I will add that when I am at shows I do buy CDs or Vinyl from the artist because they get all of the money from it, not just a fraction.
05:37 AM on 06/20/12
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rollerman4221
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cliffsx4?
06:24 AM on 06/20/12
#7
underthetalking
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I did the boombox snipe plenty of times. And the old art of creating mixtapes. Morrison is right, people have been stealing music for a long time, not just when Napster started. That being said, I can say that maybe 70% of my records and CDs are paid for; the other 30% falling under the gift, try before you buy, or pirated category. These three points of view, (music aficionado, old guard of artists, and new guard of artists) are all very different, but it's hard to argue that one is more right than the other. Seems its less a moral dilemma now and more a personal preference. Some listeners prefer to purchase music and some don't. Some artists are greatly offended when their work isn't paid for, some are just happy that their work is being noticed. It's hard to argue that any of those points of view are outright wrong.
06:27 AM on 06/20/12
#8
underthetalking
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The day I can return an album for being terrible is the day I will start buying music more frequently again.

This. Normally before I buy a record, I'll look to download it or try to find a stream online. No use wasting $10-$15 for something that fails to meet expectation.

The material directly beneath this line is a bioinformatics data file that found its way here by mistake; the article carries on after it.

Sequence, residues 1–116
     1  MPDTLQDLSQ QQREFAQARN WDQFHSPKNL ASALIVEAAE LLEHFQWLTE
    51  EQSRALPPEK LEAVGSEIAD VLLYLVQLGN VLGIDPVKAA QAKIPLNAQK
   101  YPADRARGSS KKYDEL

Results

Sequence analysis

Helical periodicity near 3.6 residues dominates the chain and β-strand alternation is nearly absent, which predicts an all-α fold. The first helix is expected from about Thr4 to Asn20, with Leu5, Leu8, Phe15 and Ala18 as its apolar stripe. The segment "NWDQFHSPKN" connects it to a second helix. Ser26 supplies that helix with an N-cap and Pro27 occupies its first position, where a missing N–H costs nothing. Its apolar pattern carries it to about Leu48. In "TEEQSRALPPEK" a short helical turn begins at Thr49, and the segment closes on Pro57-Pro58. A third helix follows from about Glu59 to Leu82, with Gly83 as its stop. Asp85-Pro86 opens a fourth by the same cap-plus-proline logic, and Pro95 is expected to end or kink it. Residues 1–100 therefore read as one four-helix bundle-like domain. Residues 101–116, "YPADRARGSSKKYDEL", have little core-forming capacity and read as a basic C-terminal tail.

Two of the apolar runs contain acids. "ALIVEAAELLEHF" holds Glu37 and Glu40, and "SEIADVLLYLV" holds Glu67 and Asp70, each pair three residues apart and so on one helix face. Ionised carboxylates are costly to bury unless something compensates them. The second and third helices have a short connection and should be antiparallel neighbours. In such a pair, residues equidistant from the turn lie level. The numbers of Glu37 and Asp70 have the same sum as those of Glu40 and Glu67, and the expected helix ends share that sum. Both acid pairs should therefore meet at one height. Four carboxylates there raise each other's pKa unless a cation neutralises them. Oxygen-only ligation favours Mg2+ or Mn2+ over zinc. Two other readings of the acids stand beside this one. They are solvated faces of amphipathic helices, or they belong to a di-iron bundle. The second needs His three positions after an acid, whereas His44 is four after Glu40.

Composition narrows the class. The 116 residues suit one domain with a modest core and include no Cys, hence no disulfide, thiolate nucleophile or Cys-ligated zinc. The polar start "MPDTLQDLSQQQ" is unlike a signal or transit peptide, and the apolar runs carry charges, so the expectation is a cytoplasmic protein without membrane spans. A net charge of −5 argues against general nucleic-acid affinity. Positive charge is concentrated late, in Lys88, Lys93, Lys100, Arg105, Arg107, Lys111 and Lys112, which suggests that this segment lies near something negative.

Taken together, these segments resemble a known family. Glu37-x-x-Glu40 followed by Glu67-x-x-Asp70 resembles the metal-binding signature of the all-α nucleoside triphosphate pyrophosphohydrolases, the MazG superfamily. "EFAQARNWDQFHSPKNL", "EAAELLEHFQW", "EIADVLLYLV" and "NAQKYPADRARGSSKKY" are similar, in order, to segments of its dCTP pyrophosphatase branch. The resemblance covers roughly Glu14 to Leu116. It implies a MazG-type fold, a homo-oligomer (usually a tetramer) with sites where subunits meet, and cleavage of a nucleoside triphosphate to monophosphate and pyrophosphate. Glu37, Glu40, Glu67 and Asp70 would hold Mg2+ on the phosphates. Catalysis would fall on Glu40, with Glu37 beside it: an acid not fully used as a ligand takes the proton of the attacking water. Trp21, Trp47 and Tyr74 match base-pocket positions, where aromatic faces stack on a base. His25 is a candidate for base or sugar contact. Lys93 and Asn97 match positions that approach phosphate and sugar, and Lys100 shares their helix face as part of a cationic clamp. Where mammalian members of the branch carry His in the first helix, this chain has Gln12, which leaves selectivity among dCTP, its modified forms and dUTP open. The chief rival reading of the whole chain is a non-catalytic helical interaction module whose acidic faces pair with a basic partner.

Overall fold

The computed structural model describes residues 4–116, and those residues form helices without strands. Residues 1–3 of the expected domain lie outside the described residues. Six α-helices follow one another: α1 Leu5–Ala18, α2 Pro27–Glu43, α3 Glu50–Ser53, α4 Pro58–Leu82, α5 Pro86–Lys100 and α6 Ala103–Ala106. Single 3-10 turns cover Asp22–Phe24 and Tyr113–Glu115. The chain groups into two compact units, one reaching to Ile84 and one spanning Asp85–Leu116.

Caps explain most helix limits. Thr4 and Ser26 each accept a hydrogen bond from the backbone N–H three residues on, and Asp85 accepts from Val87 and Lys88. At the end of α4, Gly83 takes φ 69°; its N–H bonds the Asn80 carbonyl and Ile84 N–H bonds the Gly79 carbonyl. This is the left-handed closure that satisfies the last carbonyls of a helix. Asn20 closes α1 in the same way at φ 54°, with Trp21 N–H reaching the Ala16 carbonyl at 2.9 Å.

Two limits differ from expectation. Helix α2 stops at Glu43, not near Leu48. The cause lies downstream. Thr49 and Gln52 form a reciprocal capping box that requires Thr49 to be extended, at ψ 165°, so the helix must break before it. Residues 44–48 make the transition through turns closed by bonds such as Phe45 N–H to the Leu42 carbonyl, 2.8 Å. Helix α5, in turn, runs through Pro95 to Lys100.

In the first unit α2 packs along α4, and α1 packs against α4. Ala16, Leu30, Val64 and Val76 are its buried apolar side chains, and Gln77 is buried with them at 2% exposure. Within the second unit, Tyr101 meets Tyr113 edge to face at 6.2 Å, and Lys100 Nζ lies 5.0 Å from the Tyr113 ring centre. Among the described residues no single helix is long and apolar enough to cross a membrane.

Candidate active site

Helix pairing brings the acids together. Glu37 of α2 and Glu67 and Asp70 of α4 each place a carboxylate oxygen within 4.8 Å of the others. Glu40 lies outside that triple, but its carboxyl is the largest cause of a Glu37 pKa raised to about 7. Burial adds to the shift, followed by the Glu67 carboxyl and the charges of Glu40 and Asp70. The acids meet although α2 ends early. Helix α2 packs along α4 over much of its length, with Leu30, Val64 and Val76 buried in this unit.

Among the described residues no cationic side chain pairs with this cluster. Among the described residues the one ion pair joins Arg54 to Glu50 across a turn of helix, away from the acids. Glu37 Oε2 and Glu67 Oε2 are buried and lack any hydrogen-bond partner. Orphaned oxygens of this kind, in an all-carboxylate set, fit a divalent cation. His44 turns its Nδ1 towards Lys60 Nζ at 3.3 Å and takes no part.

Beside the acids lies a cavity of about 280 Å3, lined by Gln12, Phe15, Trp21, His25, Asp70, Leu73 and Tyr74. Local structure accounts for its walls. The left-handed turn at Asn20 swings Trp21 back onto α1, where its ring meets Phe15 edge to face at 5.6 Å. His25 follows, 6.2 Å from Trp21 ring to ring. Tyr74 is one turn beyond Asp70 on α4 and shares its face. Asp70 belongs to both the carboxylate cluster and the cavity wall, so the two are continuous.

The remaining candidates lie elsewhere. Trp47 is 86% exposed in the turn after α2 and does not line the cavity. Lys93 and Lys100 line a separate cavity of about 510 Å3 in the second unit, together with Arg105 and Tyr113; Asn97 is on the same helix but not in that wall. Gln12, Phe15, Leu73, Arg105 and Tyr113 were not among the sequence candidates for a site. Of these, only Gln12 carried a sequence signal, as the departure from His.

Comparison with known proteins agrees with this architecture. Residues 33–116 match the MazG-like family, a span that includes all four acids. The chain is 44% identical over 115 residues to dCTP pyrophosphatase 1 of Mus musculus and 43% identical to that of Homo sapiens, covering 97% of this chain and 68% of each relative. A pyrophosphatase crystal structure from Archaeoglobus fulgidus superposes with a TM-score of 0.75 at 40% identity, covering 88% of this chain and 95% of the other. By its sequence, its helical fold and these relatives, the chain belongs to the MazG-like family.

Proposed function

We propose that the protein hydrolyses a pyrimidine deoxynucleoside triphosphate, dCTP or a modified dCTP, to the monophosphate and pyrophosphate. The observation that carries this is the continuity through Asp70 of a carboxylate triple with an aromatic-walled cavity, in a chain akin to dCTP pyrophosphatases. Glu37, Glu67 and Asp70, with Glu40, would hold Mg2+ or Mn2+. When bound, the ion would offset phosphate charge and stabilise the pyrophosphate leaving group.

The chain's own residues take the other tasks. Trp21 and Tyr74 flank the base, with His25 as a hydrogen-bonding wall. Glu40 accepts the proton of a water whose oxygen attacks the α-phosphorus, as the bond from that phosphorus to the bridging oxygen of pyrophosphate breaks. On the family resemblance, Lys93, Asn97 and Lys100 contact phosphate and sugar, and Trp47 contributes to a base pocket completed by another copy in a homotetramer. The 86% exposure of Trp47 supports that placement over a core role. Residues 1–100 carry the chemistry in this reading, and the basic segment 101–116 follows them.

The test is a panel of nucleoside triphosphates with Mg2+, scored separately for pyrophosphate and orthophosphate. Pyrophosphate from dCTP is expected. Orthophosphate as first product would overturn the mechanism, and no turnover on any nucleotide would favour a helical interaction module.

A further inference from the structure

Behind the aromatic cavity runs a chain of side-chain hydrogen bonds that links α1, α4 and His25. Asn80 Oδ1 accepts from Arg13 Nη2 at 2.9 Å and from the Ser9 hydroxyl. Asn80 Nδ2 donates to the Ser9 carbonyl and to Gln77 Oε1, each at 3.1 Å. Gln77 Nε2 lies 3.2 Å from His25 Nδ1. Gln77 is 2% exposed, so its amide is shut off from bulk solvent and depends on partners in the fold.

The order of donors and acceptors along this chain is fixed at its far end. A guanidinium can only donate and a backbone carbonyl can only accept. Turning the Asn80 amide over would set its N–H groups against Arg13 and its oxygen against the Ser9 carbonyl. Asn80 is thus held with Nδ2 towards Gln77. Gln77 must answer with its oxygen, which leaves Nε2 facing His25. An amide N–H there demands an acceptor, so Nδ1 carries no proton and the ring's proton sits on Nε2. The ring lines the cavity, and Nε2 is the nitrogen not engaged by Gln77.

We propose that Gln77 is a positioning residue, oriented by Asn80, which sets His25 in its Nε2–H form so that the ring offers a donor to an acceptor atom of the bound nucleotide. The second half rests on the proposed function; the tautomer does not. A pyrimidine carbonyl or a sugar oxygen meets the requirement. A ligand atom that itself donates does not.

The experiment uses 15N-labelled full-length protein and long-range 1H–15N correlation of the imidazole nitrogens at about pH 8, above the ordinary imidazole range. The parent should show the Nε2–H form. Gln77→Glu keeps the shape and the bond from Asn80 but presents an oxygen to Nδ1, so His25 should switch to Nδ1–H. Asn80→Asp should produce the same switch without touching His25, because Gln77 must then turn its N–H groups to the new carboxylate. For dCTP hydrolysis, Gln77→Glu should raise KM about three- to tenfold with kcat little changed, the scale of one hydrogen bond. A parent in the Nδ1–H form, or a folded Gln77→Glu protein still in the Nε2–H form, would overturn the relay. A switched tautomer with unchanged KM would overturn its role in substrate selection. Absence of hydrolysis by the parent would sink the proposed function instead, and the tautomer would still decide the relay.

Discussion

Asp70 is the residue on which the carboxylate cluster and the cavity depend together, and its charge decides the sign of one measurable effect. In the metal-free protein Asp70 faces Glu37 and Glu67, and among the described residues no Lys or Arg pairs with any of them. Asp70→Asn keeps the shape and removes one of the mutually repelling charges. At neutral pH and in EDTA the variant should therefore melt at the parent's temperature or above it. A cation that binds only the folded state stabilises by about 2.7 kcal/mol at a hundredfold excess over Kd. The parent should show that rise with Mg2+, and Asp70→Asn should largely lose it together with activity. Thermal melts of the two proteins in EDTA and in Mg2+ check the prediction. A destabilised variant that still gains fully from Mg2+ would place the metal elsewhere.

06:27 AM on 06/20/12
#9
Thomas Nassiff
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The day I can return an album for being terrible is the day I will start buying music more frequently again.

I will add that when I am at shows I do buy CDs or Vinyl from the artist because they get all of the money from it, not just a fraction.
This is so stupid. You make it seem like you would want to buy music - if only you could return an album for being bad. Today's system gives you the chance to screen that yourself beforehand! Download the record like you always do and if you don't like it - "return" it. Aka in this situation don't buy it. But if you do like it, then why aren't you going out and purchasing it after you already know you enjoy it? Aka "not returning" it according to what you said. Just making excuses when you could absolutely be buying music in a fair way.
07:07 AM on 06/20/12
Holly HoX!
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I love my collection of records. I love em all and I wouldn't part with any of them. Just picked up two hard to find Dylan's and a Pavarotti. I like a lot of different music. I got records for every mood.

Music as a physical medium is probably one of the most important things to me. It's how the artist intended their art to be experience. Fuck digital. Fuck iTunes. I don't get why people throw their money at a ten dollar download when they could have a physical piece of art for a dollar or two more.

I have my own label now, producing vinyl and limited hand screen printed CD releases. Even the act of producing pieces is special. Once it's in your hands....just a great feeling. People that support physical music are my friends.
07:19 AM on 06/20/12